Surgical repair of TOF during infancy has become standard practice in many institutions worldwide.[1] Hence, the need for initial palliation – usually by Blalock–Taussig (BT) shunt – has decreased significantly. Palliation is largely reserved for ill neonates with severe hypoxia or those with very small pulmonary arteries as surgical repair in these patients is considered a high-risk procedure RVOT stenting and PDA stenting in those where the ductus is still patent are gaining acceptance as a less invasive alternative compared to palliation with modified BT (mBT) shunt.[2] Complications related to thoracotomy such as pleural effusion and diaphragm paralysis are avoided.

Technically, RVOT stenting is relatively less challenging compared to PDA stenting. It has also the merit of increasing pulmonary blood flow from the systemic venous blood, hence reducing the LV volume overload that occurs with PDA stenting or BT shunt. At the same, equal distribution of flow to both pulmonary arteries can be expected compared to mBT shunt or PDA stenting as the PDA has a tendency to connect to a branch pulmonary artery (usually left pulmonary artery in the left aortic arch).

Much emphasis in the current surgical literature on the merit of pulmonary valve preservation at the time of surgical repair in TOF to prevent late sequelae of severe pulmonary regurgitation.[3] The majority of cases subjected to RVOT stenting have small pulmonary valve annulus that will require transannular patch, hence anchoring the stent across the annulus – which also destroys the valve cusps – is not an issue.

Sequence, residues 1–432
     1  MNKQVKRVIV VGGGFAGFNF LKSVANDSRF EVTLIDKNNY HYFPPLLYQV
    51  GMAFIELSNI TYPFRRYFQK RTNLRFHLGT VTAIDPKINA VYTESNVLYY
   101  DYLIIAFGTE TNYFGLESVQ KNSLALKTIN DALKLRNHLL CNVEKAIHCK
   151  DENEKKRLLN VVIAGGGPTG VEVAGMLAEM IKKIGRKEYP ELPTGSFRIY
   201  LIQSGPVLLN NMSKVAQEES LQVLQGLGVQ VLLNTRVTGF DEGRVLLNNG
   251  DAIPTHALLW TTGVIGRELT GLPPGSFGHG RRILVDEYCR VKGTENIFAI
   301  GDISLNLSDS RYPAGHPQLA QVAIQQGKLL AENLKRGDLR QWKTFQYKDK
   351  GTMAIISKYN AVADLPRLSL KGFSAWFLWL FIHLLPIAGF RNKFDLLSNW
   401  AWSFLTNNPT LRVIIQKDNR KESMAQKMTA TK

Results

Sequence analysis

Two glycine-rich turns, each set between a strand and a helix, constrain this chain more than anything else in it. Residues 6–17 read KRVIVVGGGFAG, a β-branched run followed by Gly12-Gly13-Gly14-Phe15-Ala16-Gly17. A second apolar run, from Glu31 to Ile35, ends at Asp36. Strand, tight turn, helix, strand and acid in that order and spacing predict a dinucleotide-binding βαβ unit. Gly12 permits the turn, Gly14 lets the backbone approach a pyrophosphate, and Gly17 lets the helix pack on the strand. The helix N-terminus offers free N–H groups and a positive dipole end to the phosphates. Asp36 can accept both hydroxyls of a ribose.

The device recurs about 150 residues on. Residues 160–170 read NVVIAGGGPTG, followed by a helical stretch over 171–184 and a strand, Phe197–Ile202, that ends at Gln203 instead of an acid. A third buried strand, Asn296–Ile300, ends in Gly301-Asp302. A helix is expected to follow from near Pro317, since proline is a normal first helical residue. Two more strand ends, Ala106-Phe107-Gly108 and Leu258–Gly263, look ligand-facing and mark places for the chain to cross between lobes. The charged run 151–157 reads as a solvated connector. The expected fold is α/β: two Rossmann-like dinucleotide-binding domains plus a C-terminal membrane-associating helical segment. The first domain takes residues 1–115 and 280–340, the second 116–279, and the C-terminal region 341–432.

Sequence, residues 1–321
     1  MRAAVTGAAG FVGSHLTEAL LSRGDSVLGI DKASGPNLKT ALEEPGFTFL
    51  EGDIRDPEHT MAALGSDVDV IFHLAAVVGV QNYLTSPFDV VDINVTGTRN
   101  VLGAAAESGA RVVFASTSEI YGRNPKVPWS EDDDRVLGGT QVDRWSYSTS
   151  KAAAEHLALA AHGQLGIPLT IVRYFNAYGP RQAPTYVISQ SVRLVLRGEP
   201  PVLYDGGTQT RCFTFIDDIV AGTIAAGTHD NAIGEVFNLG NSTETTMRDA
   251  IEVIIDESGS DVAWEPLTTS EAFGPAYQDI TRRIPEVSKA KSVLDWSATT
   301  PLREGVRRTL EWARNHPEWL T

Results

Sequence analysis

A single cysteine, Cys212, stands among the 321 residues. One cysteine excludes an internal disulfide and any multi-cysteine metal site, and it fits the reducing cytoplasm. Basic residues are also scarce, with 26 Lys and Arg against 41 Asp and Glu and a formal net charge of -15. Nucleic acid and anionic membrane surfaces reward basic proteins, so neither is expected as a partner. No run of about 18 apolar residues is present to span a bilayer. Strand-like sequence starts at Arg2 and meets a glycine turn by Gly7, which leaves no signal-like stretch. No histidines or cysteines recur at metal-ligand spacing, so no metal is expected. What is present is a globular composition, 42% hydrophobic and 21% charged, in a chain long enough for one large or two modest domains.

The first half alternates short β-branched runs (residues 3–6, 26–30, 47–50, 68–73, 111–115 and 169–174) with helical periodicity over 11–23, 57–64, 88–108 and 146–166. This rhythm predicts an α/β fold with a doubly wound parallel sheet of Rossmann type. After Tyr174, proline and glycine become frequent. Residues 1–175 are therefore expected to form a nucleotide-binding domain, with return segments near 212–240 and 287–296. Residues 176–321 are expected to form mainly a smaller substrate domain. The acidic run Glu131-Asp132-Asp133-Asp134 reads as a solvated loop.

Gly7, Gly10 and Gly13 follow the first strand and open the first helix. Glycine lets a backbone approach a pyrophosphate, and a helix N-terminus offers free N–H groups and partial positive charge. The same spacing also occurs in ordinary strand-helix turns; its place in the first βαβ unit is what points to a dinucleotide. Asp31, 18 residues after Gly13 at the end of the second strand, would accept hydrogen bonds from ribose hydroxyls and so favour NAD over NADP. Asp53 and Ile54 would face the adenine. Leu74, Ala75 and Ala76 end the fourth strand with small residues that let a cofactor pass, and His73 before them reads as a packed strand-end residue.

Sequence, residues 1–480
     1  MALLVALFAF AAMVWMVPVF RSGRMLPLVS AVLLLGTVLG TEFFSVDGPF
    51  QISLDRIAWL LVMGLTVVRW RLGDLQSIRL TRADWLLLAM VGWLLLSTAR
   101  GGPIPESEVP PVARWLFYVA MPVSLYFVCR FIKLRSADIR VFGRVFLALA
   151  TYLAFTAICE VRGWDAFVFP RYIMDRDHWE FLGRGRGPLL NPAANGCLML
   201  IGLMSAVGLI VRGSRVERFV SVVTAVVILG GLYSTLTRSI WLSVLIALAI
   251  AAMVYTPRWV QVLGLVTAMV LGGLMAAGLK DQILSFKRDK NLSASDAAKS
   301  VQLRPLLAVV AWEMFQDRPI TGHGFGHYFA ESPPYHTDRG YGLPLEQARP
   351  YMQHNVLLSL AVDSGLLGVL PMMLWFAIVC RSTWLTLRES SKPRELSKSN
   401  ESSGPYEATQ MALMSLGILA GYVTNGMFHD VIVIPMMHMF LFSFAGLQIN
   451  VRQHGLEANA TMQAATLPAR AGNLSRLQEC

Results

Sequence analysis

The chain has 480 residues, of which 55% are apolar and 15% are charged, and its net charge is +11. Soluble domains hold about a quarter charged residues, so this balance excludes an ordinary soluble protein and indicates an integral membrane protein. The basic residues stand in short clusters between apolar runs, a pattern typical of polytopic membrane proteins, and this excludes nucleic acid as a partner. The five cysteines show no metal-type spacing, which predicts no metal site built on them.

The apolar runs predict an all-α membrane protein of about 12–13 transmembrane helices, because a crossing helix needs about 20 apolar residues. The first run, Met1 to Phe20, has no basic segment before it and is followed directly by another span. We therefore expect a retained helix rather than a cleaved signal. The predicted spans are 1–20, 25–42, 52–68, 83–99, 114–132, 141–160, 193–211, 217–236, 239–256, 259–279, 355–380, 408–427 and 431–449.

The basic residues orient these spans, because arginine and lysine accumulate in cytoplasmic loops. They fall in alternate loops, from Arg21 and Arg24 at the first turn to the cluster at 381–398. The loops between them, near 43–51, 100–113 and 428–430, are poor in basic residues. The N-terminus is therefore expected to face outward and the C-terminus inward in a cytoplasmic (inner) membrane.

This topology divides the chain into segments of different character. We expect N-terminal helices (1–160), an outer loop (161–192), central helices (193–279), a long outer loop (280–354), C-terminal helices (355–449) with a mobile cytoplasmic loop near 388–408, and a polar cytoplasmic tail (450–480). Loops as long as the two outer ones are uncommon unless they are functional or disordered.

The RVOT stent was able to be placed as planned. However, as the RVOT is a contractile structure, the stent position was unstable and migrated into the RV body. For a stent to remain stable in such a structure, a considerably larger size would be needed, but we have to pay attention to excessive flow to the lungs and pulmonary edema.

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Conflicts of interest

There are no conflicts of interest.


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2Stumper O, Ramchandani B, Noonan P, Mehta C, Bhole V, Reinhardt Z, et al. Stenting of the right ventricular outflow tract. Heart 2013;99:1603-8.
3Vida VL, Guariento A, Castaldi B, Sambugaro M, Padalino MA, Milanesi O, et al. Evolving strategies for preserving the pulmonary valve during early repair of tetralogy of fallot: Mid-term results. J Thorac Cardiovasc Surg 2014;147:687-94.